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Highly sensitive Bridge-Assay for Measuring Insulin- and IGF1-Receptor Autoantibodies


Autoantibodies (autoAB) against the insulin receptor (IR) are known to cause a rare form of diabetes, i.e. insulin resistance type B. AutoAB against the structurally and functionally related receptor for insulin-like growth factor-1 (IGF1R) have only recently been described and are implicated in autoimmune diseases. However, the prevalence and clinical importance of these autoAB are not yet fully understood as respective sensitive and non-radioactive test systems for routine use were missing. A reliable assay system for the detection and quantification of these autoAB should be met with highest interest by basic researchers and clinicians alike, especially in the fields of diabetes, growth and cancer research, given the central importance of the insulin and IGF1 hormone axes for controlling growth, glucose metabolism and cell proliferation in humans.<br><br> <strong>Technology</strong><br> Two novel non-radioactive and highly sensitive immunoassays for detection and quantification of autoAB against the IR and IGF1R have been developed. For reasons of sensitivity, specificity and automation, the bridge technology has been chosen as most suitable assay format (see scheme). Using these novel in vitro diagnostica, autoAB against the IR and the IGF1R are detected with an astonishing 10% prevalence in the adult population. Notably, a high proportion of cross-reacting autoAB are found, reacting with similar strength to both the IR and IGF1R. The clinical and diagnostic importance of these results remains to be established in ongoing studies.<br><br>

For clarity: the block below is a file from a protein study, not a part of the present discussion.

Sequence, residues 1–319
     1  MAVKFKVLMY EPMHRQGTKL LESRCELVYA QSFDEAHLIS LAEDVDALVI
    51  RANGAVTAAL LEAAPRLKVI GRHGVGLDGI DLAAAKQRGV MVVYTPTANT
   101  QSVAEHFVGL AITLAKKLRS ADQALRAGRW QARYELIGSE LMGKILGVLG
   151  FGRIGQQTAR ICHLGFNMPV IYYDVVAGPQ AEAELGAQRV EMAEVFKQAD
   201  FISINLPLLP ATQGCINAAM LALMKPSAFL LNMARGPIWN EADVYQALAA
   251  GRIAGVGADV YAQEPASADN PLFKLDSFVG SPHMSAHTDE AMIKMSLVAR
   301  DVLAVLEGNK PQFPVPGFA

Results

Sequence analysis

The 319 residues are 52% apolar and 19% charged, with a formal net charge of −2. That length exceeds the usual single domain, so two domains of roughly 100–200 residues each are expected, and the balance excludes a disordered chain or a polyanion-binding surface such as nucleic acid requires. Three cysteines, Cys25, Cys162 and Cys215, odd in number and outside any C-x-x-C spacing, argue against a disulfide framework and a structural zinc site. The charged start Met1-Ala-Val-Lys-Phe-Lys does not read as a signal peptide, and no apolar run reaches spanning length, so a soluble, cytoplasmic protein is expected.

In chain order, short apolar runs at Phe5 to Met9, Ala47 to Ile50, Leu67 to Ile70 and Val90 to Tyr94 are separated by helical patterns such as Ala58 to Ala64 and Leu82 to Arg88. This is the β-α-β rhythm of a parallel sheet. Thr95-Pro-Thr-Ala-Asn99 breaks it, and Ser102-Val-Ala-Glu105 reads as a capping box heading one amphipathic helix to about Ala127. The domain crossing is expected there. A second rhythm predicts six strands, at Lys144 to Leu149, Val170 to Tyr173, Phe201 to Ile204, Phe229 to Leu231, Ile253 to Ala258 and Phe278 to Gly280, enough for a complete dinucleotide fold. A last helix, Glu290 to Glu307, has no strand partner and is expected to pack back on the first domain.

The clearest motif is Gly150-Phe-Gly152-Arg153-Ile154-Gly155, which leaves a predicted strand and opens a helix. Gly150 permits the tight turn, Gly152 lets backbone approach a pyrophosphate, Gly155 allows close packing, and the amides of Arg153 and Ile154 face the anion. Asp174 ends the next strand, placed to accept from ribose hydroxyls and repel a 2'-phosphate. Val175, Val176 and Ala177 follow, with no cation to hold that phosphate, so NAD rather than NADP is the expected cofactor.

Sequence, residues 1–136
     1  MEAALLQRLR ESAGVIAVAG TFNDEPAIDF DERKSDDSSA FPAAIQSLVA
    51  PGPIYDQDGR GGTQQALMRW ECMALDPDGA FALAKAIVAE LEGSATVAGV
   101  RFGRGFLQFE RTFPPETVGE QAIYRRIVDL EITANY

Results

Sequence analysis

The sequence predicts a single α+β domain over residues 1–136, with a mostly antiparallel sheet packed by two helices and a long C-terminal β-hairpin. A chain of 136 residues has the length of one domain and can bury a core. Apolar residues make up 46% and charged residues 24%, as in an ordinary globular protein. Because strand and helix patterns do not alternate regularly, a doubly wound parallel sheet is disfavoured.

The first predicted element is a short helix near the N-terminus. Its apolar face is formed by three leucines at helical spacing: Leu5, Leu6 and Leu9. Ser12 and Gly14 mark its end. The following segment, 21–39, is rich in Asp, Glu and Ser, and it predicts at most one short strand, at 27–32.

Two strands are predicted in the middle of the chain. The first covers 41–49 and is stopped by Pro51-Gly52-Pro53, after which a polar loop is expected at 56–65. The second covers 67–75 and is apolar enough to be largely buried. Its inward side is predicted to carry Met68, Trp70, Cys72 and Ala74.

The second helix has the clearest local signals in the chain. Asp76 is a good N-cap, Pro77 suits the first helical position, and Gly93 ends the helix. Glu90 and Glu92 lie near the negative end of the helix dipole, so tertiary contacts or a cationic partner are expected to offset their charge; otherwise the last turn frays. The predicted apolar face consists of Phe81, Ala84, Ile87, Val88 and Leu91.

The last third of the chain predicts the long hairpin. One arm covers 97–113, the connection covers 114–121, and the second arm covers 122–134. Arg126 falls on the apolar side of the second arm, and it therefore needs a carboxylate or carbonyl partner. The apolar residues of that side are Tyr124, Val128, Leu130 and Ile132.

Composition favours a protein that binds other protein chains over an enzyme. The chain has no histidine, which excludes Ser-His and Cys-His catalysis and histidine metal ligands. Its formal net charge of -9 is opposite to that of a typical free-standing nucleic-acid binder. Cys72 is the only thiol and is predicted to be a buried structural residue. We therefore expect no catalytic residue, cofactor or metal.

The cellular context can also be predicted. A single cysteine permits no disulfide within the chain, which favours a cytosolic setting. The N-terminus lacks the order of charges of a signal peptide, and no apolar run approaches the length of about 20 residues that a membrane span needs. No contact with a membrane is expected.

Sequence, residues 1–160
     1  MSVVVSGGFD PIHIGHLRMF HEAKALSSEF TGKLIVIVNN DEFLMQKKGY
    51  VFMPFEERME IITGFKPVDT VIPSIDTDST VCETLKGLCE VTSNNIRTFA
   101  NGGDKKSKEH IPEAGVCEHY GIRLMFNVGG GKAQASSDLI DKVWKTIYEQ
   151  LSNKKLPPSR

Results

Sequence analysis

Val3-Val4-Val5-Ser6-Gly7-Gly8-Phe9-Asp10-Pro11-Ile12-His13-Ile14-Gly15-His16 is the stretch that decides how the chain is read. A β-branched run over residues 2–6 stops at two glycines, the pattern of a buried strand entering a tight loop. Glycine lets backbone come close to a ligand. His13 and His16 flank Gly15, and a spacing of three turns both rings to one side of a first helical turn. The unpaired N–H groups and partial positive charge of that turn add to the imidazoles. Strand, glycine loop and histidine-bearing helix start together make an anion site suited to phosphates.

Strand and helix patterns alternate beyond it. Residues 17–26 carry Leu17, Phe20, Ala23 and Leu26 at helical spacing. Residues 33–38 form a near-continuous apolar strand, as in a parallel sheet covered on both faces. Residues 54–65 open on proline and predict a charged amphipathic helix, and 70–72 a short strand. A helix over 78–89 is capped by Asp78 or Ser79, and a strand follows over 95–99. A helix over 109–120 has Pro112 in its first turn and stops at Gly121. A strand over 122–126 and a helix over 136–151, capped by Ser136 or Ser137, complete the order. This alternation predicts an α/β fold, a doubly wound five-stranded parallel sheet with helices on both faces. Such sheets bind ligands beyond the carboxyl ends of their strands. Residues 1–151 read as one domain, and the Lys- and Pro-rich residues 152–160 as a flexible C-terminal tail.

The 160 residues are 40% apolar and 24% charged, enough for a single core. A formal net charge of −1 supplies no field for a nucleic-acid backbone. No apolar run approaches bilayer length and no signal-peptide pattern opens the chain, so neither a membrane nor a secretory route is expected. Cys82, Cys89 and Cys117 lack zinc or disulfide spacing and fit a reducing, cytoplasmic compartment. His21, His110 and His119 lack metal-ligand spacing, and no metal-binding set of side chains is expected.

<strong>Benefits</strong><br> <ul> <li>Novel non-radioactive IVD for insulin- and IGF1R autoAB detection <li>Improved differential diagnosis of diabetes or autoimmune diseases <li>Automatable bridge-assay technology of excellent precision <li>Applicable for drug screening affecting growth, diabetes or cancer</ul><br> <strong>IP Rights</strong><br> European patent application (02/2012)<br><br> <strong>Patent Owner</strong><br> Charité-Universitätsmedizin Berlin Ici immunointelligence GmbH

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